Thursday, October 31, 2013

Well, Here's Something I Never Thought I Would Say...

I am tired of waiting for snow.

Yep, you read that right. 

Not that I want there to actually BE a lot of snow on the ground (and all the extra work that snow would both prevent and cause) but because I had planned to start our Alaska Food Experiment when we got our first sticking snow.

This fall has been very, very wet and warmer than usual, and that means our first snowfall still hasn't come. According to the forecast I just checked, it's going to be a week before there's a chance of snow, and they are saying it will be mixed with rain, so it won't stay around.

Thus, I've decided to start the Alaska Food Experiment on November 1, snow or no snow. It's my party and I can start early if I want to, right?

Jim and I will be eating only local Alaska-grown foods until we run out of what we've stored up this summer. My goal is two months. There will be a few small exceptions and I'm going to post the "rules" and exceptions in the next day or two so everybody knows what we're doing.

Alaskans are already familiar with the concept of the Alaska Food Challenge, when a group of people in the Anchorage area ate only local Alaskan foods for a whole year. It will be different for Jim and me. I can't exactly turn my whole yard into a garden and I don't have a greenhouse. I have a tourist-driven job that doesn't leave a lot of time to forage or fish. So, I've decided to call ours The Alaska Food Experiment. Instead of having the goal of eating local for a whole year and challenging myself to make it happen, I'm going to experiment to see if it can be done, for people who work long hours and have no real gardening skills. Can it be done if we don't have a greenhouse? Can it be done if we don't forage? Can it be done if we don't fish? 

Through the farmer's markets, gardening trade groups, a CSA subscription and trading for fresh eggs, the freezers have filled up with veggies and fruit, both wild and cultivated. Jim bought half of a locally-raised pig and half a cow so we have pork and beef, and there is moose as well. Neighbors with a boat shared their halibut. We have our own poultry and eggs, plus some chickens and a turkey we bought from the feed store. And of course there are the goats providing milk, butter, cream and cheese.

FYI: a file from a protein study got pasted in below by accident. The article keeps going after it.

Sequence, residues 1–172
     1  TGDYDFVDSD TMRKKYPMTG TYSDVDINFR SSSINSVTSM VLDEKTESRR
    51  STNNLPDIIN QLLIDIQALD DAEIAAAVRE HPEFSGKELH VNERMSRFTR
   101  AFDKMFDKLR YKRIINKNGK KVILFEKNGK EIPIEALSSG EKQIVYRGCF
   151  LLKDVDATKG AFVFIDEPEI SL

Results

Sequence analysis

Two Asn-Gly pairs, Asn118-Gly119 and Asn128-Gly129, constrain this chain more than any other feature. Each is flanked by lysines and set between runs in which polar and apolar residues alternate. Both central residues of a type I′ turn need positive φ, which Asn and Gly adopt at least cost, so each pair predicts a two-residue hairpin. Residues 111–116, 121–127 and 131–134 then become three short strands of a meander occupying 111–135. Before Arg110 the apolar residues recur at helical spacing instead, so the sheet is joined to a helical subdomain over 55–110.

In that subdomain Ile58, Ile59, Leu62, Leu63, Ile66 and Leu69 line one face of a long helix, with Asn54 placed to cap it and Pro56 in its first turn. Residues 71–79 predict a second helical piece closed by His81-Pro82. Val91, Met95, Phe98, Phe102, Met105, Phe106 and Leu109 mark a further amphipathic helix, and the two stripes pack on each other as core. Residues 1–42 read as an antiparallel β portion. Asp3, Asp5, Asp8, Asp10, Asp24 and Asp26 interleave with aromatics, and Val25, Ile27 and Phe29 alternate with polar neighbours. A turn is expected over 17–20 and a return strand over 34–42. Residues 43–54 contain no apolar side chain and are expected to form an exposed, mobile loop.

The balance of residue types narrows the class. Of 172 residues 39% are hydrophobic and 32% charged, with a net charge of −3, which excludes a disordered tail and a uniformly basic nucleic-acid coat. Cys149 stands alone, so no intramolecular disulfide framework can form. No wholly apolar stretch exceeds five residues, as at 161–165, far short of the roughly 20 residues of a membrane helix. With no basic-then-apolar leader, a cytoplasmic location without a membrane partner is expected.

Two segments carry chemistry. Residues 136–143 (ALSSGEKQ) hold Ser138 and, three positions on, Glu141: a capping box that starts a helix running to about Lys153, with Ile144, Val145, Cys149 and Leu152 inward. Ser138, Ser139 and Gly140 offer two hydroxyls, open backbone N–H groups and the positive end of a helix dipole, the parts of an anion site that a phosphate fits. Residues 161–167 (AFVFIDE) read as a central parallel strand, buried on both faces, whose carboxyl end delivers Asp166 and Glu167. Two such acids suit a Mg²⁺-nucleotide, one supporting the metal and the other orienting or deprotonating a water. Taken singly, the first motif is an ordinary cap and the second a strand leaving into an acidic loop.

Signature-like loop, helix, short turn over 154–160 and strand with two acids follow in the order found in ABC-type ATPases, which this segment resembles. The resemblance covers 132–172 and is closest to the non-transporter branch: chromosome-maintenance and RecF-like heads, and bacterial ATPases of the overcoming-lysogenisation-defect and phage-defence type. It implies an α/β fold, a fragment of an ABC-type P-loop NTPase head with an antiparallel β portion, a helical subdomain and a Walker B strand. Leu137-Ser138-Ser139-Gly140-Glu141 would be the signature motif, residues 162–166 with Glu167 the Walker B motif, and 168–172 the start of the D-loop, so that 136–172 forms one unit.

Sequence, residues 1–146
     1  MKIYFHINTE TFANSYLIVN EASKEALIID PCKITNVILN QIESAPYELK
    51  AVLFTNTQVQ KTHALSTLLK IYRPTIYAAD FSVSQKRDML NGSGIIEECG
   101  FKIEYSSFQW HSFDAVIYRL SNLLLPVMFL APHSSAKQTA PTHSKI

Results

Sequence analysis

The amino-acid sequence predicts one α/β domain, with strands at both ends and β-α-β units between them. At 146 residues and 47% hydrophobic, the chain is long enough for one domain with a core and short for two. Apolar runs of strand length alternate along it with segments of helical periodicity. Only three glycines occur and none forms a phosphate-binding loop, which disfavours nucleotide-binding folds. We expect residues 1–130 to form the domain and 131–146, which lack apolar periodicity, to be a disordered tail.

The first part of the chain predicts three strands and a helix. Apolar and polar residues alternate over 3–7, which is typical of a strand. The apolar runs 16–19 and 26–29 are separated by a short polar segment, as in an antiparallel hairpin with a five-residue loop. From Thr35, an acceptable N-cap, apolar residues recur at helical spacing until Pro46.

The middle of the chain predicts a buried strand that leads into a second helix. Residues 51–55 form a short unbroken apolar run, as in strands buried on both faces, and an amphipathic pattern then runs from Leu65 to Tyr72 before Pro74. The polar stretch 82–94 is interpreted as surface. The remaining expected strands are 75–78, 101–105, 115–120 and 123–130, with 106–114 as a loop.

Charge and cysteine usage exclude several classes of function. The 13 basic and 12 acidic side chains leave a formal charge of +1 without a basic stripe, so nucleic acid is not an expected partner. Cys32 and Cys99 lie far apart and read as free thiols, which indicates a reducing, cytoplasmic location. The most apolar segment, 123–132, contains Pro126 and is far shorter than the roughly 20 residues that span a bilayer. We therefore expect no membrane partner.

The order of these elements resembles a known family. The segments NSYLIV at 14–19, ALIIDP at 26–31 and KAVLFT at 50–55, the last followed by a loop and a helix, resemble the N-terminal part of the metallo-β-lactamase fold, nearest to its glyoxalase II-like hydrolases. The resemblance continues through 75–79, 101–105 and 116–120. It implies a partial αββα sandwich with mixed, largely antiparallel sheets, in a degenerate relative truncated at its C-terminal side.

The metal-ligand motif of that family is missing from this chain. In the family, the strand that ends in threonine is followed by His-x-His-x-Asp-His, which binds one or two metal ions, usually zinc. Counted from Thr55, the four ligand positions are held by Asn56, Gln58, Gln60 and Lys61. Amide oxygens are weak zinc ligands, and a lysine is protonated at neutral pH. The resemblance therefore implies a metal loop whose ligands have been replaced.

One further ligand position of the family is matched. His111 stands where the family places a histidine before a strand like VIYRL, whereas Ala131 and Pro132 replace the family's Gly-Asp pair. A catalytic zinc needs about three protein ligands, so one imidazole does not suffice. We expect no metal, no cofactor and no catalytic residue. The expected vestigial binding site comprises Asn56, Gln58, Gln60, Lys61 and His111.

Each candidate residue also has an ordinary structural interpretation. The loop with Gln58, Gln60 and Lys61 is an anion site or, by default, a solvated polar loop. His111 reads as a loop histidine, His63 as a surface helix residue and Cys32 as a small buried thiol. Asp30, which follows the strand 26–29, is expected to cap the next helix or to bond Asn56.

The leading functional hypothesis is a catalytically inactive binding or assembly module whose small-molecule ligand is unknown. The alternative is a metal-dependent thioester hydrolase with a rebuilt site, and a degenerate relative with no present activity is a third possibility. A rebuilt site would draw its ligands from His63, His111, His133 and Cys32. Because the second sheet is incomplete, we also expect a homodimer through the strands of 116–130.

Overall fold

I think two months is a do-able goal. And it all starts November 1!

Thursday, October 24, 2013

Meeting An Original Member of the Alaska Food Challenge

Last month, my friend Patty and I went to town to hear Saskia Esslinger speak on her experience of eating only Alaska-grown foods for an entire year. She and her husband converted most of their yard into gardens and greenhouses, hunted and fished for their meat, and foraged for fruit and mushrooms. Even though their original Challenge is long since over, they still eat mostly Alaskan foods and plan to continue.

Her group had a pledge to grow as much as they could themselves; support local growers for the things they did not grow themselves; use up spoilable pantry items but don't replenish them if they are not local; make an exception for 'small carbon footprint items' (this is where she made her exception for leavening ingredients); and if someone invited them out to eat, they could go, but to make up for eating a non-Alaskan meal, they would invite other people to their house and feed them an all-Alaskan meal to balance things out.

Saskia's year-long challenge started on the Summer Solstice. I decided to start ours at the first sticking snowfall because it would give me the entire summer to prepare. I don't have a greenhouse or garden, so my produce would come from local growers, and that meant weekly trips to the farmer's markets and my Community-Supported Agriculture (CSA) subscription to a nearby farm.

Originally, I thought I would only be able to obtain enough extra produce to get us through a couple of weeks of local eating, but as the summer went on, I met more and more growers and found more and more sources of goodies. Now my goal is to eat only local foods for two months - longer if we can, but two months during the winter is the goal. Two months is nowhere near a year-long endeavor, of course... If I manage to do a longer experiment next winter, though, Saskia gave me a lot of new things to consider.

This morning, there was frost on the ground and ice in the puddles. I don't think it will be much longer before Jim and Deanna's Alaska Food Experiment begins!

Me and Saskia. Thanks to Patty for the photo!